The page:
For-profit corporate-owned prisons like solitary confinement because it extends a prisoners’ sentence. It is also far more expensive to keep prisoners in solitary confinement — one study estimates that the average cost of housing an inmate in a supermax prison is $75,000, as opposed to $25,000 per cell in a regular state prison. This cost is passed along to taxpayers.
Imagine how things might change if more ordinary Americans had access to inspect the prisons their tax dollars pay for. A precedent for this exists. In Great Britain, “Independent Monitoring Boards” offer a unique civic perspective on regulating what happens inside prison walls. Ordinary citizens are able to volunteer to be these independent monitors. Volunteers are allowed unannounced access to prison facilities anytime, day or night. The volunteers are free to tour the prison, speak with the inmates, sample the food, and inspect the clothing and the state of medical care.
Such an idea of citizen responsibility might seem highly unusual to most Americans to whom prisons are largely out of sight and out of mind. The first step in addressing this crisis of abuse is raising awareness.
Reporters are rarely given full access to prisons so they can report on what is going on inside. Let the press in! The best source of information about the state of our prisons is the prisoners themselves — but press access to them is restricted and the Department of Justice is not listening to their appeals. With this barrier in place, prisons are virtually shut off from any accountability or independent oversight. Wardens and guards are the only ones making decisions about the treatment of many prisoners.
And where are the judges? All judges — federal, state, and local should have firsthand knowledge of the conditions in prisons so that they can make better informed decisions when sentencing those who come before them.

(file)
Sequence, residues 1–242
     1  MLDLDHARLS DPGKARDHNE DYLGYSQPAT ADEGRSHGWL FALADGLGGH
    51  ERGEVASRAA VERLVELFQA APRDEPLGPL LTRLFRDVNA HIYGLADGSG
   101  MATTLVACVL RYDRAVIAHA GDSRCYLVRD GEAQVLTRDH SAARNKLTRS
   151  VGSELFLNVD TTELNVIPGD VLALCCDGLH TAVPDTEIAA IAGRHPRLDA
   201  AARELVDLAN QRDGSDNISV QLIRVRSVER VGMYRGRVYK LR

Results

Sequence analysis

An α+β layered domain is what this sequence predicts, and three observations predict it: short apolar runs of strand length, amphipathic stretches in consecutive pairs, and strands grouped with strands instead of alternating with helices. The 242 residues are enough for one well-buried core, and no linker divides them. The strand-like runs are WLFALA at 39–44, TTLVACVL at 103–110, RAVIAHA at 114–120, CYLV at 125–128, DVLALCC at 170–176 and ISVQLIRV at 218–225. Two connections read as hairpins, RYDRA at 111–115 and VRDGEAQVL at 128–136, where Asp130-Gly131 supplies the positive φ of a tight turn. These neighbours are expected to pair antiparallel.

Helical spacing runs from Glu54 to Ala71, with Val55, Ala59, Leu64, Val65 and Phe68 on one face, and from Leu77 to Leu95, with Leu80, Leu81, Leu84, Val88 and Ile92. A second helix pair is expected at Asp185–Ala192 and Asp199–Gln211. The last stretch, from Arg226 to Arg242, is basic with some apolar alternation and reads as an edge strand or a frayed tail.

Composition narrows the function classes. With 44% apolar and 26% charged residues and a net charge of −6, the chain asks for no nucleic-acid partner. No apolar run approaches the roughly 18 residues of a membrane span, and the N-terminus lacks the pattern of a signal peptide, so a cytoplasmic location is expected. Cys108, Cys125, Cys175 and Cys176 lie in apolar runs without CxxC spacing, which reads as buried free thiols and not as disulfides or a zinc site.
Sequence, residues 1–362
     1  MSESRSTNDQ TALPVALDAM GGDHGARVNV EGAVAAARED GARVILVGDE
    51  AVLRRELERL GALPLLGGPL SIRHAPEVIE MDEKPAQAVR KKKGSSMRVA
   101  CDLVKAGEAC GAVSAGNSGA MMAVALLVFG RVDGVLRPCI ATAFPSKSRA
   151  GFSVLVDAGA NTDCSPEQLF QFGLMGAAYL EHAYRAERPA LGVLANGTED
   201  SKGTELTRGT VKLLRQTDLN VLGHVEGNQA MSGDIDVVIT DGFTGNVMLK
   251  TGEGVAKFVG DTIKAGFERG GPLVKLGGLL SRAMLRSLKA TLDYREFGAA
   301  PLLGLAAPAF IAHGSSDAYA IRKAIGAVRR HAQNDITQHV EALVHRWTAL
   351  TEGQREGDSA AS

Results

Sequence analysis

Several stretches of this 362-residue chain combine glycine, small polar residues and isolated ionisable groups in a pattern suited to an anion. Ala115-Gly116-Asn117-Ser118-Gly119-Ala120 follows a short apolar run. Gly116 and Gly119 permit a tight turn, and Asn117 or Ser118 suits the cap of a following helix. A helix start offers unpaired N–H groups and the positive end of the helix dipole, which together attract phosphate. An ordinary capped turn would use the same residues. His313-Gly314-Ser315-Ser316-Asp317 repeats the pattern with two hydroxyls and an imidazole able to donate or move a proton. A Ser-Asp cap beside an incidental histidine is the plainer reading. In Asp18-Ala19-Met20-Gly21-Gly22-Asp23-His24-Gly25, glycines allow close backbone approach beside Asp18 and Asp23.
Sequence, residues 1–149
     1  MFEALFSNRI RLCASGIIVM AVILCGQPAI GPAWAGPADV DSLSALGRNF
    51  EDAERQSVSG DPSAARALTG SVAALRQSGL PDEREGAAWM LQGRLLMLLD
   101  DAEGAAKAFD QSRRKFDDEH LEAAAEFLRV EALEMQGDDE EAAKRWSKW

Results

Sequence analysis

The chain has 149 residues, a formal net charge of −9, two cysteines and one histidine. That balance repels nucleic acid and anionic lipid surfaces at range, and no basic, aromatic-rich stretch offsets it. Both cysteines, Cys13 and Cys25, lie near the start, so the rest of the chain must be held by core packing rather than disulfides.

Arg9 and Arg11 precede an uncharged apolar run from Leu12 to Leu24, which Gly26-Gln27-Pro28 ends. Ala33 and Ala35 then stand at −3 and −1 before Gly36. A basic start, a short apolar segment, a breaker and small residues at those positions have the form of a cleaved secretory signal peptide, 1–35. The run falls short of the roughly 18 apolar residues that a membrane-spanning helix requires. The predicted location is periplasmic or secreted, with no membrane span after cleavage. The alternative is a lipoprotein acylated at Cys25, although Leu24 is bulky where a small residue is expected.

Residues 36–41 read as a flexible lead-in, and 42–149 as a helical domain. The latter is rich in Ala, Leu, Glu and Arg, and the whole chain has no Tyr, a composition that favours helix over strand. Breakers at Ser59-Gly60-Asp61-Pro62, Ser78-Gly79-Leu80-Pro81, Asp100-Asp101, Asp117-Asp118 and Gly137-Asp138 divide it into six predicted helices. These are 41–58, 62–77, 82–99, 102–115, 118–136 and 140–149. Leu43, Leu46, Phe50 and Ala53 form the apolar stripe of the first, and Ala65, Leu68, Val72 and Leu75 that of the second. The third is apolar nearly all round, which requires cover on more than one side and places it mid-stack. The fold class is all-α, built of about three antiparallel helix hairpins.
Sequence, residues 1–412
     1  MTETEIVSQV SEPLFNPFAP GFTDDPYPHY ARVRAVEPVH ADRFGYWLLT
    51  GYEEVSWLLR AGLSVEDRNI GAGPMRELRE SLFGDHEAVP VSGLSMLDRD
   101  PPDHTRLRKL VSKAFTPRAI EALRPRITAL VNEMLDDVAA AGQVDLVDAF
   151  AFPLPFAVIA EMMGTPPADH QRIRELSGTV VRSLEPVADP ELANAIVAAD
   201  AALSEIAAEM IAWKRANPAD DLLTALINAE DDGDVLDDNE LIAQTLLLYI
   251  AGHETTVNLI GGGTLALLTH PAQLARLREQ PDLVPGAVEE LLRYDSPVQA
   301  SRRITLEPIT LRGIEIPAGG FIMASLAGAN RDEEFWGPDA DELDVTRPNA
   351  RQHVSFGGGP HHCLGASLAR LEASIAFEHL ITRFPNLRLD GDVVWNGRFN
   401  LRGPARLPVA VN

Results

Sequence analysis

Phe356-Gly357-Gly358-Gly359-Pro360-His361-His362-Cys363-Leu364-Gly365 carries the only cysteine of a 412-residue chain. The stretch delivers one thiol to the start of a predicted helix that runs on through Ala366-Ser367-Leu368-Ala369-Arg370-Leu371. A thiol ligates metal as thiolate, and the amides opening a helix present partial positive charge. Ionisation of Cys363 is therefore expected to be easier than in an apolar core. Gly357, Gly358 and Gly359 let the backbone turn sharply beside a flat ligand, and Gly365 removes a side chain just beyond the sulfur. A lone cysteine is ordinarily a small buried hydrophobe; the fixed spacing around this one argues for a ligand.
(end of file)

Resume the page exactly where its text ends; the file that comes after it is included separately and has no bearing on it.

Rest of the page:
Here’s a bold suggestion that might move the needle. All nine members of the United States Supreme Court should spend 48 hours in solitary confinement. Imagine how quickly the treatment of our incarcerated population would change if those at forefront of our judicial system had a small taste of what it is like to be locked in a tiny cell, alone, with no human contact for such an amount of time. Just 48 hours! There is precedent for some state judges actually spending time in prison years ago.
Some prisoners, such as Herman Wallace, have spent the majority of their lives suffering under these conditions. Wallace spent 41 years in solitary confinement while maintaining his innocence. The warden of the Louisiana prison where he was held ascribed his “Black Pantherism” as the reason. Wallace was released in October of last year and died three days later at the age of 71. These acts of astonishing cruelty should not happen in a country governed by the rule of law.
Too many people overlook the plight of prisoners, deeming them criminals and not concerning themselves with the plights of people they feel have no place or say in our society. There is little recognition of wrongful convictions and the role of rehabilitation that has worked in other western countries with far less recidivist rates then in the U.S. This mindset is a major obstacle in drawing attention to the inhumane treatment inmates often receive in our justice system.
The legendary investigator Jim Ridgeway says of the Solitary Watch project: “We’re not trying to let criminals out. We’re just trying to let people know what is going on.”
For those who want to do something now, consider donating to Solitary Watch’s campaign “Lifeline to Solitary.” This lean and efficient campaign means to establish contact with prisoners held in long-term solitary. This connection serves two purposes — it allows Solitary Watch to correspond with prisoners and report on their conditions. Secondly, it provides those in isolation a key connection to the outside world and a reminder that they do matter.
Prisons are a grim and unpleasant part of our system of justice. That said, we can do much, much better about how to humanely treat people who are serving their time often under grotesquely long sentences for non-violent crimes.
Ralph Nader is a consumer advocate, lawyer and author of Only the Super-Rich Can Save Us! He is a contributor to Hopeless: Barack Obama and the Politics of Illusion, published by AK Press. Hopeless is also available in a Kindle edition.